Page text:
World Food Day is about world hunger not food company attacks
Press Release 16/10/2011
Political activists using World Food Day to revisitNew Zealand’s already clear and stringent GM labelling laws seem to have completely missed the point of the worthy FAO and United Nations initiative, says Katherine Rich Chief Executive of the New Zealand Food and Grocery Council (FGC).
“The World Food Day marked each year on October 16 is meant to be a day which focuses on how the world can feed our growing number of citizens. In particular, it's to mark the importance of world food production and its role in alleviating world hunger.
“The international organisers of World Food Day say “the aim of the day is to heighten public awareness of the problem of hunger in the world.”
“I’m sure they’d be disappointed to see the message of the day being hijacked and used inNew Zealandas a political platform to attack food companies and our retail partners, the supermarkets, both of which play such an important part in feeding local communities.
“The focus of the day is an important one. The United Nations predicts that by 2050 the world will have 9 billion mouths to feed and that to feed them all world food production will need to double. It’s an ambitious task and this is one of the key issues World Food Day is trying to draw attention to.
“World Food Day has got nothing to do withNew Zealand’s labelling laws or where GM products might sit on a supermarket shelf.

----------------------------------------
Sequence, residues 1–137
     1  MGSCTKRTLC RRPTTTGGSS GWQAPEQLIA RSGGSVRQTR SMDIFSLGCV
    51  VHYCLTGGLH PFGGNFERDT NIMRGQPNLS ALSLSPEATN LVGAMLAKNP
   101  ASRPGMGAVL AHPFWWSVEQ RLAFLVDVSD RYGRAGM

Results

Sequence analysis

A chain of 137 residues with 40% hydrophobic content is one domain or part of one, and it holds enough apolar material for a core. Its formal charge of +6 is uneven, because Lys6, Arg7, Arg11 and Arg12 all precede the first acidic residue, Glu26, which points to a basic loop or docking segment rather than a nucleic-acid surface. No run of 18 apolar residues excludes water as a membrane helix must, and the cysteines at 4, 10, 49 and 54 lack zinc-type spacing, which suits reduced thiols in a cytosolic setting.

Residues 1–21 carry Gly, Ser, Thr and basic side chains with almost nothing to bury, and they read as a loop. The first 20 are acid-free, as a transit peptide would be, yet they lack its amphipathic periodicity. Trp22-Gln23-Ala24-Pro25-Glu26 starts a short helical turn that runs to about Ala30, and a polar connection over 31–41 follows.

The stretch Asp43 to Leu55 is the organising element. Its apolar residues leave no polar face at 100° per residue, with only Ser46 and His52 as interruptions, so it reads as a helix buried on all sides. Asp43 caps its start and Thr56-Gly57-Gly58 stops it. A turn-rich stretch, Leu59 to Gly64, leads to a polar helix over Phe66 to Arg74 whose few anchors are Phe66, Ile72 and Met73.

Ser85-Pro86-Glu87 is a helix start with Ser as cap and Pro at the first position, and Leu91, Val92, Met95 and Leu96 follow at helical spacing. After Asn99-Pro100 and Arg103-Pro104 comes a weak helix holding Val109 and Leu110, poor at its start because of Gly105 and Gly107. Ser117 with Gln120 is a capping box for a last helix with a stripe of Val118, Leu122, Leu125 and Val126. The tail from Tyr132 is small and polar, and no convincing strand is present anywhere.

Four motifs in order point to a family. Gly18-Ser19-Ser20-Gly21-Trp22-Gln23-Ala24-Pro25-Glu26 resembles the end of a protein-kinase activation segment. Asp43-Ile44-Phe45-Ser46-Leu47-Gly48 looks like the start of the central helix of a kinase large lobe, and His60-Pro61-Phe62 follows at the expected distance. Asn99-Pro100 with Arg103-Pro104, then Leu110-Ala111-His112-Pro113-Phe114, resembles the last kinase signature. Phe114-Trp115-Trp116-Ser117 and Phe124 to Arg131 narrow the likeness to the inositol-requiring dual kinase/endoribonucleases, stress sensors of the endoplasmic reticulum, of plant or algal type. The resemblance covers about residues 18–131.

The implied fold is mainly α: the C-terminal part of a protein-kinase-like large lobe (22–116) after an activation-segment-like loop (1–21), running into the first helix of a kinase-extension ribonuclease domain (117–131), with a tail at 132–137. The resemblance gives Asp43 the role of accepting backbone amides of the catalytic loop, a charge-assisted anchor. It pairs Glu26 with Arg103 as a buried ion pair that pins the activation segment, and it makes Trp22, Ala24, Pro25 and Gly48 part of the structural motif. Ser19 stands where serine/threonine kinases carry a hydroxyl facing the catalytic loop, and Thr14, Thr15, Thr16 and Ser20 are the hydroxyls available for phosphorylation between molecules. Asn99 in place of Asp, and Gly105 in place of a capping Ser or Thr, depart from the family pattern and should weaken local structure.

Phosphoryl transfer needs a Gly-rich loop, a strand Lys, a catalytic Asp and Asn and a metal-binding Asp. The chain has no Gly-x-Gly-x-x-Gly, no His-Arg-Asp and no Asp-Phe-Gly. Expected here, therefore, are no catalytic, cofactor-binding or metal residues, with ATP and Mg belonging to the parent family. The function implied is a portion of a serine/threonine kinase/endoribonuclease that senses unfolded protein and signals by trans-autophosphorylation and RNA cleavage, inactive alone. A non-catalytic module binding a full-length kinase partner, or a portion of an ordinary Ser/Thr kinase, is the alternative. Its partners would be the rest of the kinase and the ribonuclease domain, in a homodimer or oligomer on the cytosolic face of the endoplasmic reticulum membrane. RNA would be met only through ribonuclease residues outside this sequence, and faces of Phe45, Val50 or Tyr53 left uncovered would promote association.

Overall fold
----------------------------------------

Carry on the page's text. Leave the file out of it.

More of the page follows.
“When activists once again call for GM products to be singled out, they don’t seem to appreciate that they already are singled out because of stringent Australian and New Zealand GM labelling laws.
“In reality GM products inNew Zealandare scarcer than hen’s teeth. Out of the tens of thousands of food products sold inNew ZealandI can think of only one obscure ethnic market product containing GM and it's correctly labelled so that shoppers can make a choice.
"Activists keep trying to make the very same maize product the poster child of the GM debate, but it’s so obscure I’ve never actually seen it on any shelf.
“Let's get back to the focus of the day. World Food Day organisers want the day to mark the importance of world food production and its role in alleviating world hunger. That’s a worthier topic than derailing the intent of the day and using it to attack food companies and their retail partners,” Mrs Rich said.